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I’ve run into it from time to time: downloading files using a multihoster service and jDownloader, and for some reason one or more of the downloads that should be premium instead kicks into “free mode”. If you’re not familiar, “free mode” with jDownloader is when the software determines that you don’t have premium-account access to a specific file and so you can only download like a free member: with a captcha, download delay timer and slower downloads.
I’m going to make a slight shift in approach with this website. Namely, I’ll move toward video tests of multihoster services rather than how I’ve handled most multihoster reviews to date. I’ll also give a more-rounded view of the services: rather than focusing solely on jDownloader downloads, which I personally prefer, I’ll work to record sessions using whatever download tools a multihoster services has to offer their members. At least those that I can test.
Best I can figure, I’ve been using or testing LinkSnappy’s services since mid-2014. That’s at least 3 1/2 years of experience I have with this service. Normally, proper reviews take 20+ hours to complete: setup, getting live links to download, recording the download sessions, editing videos and then the writing of the actual review. In this case, I’m hoping to cut out some of that time since my review from 2014 still holds true, at least where it counts most: it’s a good, solid service. Continue reading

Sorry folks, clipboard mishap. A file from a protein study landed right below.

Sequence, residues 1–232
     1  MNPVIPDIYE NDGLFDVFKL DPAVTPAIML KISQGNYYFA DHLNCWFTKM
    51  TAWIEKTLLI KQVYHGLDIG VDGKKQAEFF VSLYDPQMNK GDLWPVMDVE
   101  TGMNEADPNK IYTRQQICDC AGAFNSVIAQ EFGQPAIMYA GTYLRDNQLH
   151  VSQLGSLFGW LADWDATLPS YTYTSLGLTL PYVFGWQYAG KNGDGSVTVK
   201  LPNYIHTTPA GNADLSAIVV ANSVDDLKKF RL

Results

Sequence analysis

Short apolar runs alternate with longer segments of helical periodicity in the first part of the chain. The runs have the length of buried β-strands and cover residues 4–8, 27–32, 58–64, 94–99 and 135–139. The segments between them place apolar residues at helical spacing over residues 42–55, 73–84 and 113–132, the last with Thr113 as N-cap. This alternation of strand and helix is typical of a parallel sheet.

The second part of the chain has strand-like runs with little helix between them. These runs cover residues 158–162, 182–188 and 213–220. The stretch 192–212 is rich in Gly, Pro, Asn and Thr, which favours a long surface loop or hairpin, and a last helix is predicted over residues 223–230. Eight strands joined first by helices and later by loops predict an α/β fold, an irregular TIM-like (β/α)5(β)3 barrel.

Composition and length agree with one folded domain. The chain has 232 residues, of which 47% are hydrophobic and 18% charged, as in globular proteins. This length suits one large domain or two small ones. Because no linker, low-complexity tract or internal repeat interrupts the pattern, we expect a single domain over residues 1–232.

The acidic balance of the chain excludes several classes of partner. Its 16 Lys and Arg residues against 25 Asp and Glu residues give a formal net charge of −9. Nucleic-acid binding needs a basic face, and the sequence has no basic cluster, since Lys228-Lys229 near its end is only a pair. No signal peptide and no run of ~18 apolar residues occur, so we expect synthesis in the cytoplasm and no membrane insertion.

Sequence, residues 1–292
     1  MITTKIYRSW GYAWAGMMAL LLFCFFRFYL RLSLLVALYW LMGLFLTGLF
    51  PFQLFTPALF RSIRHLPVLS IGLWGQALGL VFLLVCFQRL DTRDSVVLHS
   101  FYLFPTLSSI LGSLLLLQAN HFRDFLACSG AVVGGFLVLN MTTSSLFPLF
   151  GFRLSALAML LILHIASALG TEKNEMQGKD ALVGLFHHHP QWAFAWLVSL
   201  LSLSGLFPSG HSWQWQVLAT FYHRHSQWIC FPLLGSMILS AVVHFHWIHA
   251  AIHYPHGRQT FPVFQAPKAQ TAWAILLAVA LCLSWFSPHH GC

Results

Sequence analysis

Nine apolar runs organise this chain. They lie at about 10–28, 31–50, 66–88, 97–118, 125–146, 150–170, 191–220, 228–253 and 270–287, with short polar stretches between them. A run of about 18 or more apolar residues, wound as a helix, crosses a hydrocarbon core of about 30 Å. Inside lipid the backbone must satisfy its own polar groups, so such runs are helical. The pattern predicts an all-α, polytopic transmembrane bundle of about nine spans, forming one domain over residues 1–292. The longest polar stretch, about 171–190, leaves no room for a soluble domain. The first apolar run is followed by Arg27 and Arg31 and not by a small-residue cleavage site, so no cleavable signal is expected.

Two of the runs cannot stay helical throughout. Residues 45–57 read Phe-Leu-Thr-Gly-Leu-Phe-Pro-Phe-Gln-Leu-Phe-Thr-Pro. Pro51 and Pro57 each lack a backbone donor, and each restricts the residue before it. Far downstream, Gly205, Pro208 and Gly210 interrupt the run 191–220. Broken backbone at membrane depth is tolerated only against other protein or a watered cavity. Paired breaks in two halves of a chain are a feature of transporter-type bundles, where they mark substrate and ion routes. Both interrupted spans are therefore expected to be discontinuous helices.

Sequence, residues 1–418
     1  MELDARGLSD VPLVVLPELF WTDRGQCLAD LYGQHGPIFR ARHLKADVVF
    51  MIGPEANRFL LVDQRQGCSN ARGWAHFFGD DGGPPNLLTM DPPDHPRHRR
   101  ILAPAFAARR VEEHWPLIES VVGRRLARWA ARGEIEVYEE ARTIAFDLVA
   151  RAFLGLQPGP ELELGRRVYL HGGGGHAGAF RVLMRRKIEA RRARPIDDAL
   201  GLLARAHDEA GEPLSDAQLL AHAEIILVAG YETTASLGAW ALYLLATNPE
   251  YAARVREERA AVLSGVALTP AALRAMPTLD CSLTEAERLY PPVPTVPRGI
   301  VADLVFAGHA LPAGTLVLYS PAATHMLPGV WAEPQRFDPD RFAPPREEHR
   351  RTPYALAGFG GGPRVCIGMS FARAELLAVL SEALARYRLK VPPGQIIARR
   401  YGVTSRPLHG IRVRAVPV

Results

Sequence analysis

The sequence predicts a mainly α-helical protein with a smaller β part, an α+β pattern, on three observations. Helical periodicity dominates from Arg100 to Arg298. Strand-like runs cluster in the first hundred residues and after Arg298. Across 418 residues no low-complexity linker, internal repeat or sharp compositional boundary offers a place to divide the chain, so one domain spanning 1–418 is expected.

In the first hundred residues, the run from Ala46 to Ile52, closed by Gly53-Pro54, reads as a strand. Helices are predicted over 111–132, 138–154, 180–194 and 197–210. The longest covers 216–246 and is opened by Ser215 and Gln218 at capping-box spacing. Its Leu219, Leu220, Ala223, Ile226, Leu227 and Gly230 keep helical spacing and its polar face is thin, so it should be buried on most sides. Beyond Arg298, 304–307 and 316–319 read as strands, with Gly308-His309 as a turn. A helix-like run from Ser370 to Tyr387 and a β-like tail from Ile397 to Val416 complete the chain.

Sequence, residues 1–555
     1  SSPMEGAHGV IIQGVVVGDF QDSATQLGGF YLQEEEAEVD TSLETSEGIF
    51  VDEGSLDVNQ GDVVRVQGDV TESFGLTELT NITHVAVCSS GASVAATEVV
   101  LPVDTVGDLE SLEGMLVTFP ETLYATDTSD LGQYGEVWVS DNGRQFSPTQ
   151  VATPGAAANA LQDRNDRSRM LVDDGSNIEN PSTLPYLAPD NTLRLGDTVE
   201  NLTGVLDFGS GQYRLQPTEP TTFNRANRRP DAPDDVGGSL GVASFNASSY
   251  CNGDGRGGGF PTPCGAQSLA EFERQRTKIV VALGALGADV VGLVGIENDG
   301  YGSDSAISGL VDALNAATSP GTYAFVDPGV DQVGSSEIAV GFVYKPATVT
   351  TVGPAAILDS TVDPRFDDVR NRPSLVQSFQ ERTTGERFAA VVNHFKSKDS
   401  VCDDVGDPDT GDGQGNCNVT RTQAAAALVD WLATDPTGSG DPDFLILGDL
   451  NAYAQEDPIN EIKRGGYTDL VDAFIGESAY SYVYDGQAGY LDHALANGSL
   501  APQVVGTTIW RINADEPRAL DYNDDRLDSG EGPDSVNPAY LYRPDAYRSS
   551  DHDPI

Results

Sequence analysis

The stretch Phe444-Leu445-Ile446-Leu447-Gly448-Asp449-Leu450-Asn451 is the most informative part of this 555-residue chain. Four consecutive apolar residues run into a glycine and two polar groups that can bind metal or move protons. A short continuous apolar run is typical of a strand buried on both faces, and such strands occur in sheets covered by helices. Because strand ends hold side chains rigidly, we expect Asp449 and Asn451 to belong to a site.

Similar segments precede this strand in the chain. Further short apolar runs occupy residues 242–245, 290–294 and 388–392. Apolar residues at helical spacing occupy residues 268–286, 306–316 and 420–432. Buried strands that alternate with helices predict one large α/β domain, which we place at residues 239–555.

I’ve finally been able to take a few moments to put together a short review for the LinkSnappy torrent downloader tool. Their name for it is a cloud-based torrent client, which is a more modern description of it. Either way, this tool allows you to take a .torrent file or magnet link and use a third-party site to direct-download those files to your computer or local storage device. Essentially an anonymization tool for torrent / magnet downloads.
Earlier this month, a part of the US government voted to reverse Net Neutrality rules. The idea behind Net Neutrality is pretty simple: internet service providers (ISPs) had to treat all data the same across their networks. They weren’t allowed to purposefully throttle certain sites, services or protocols, and they couldn’t give priority to certain services, sites or protocols over others. All data treated the same. These rules were set into place / hardened with a 2015 ruling.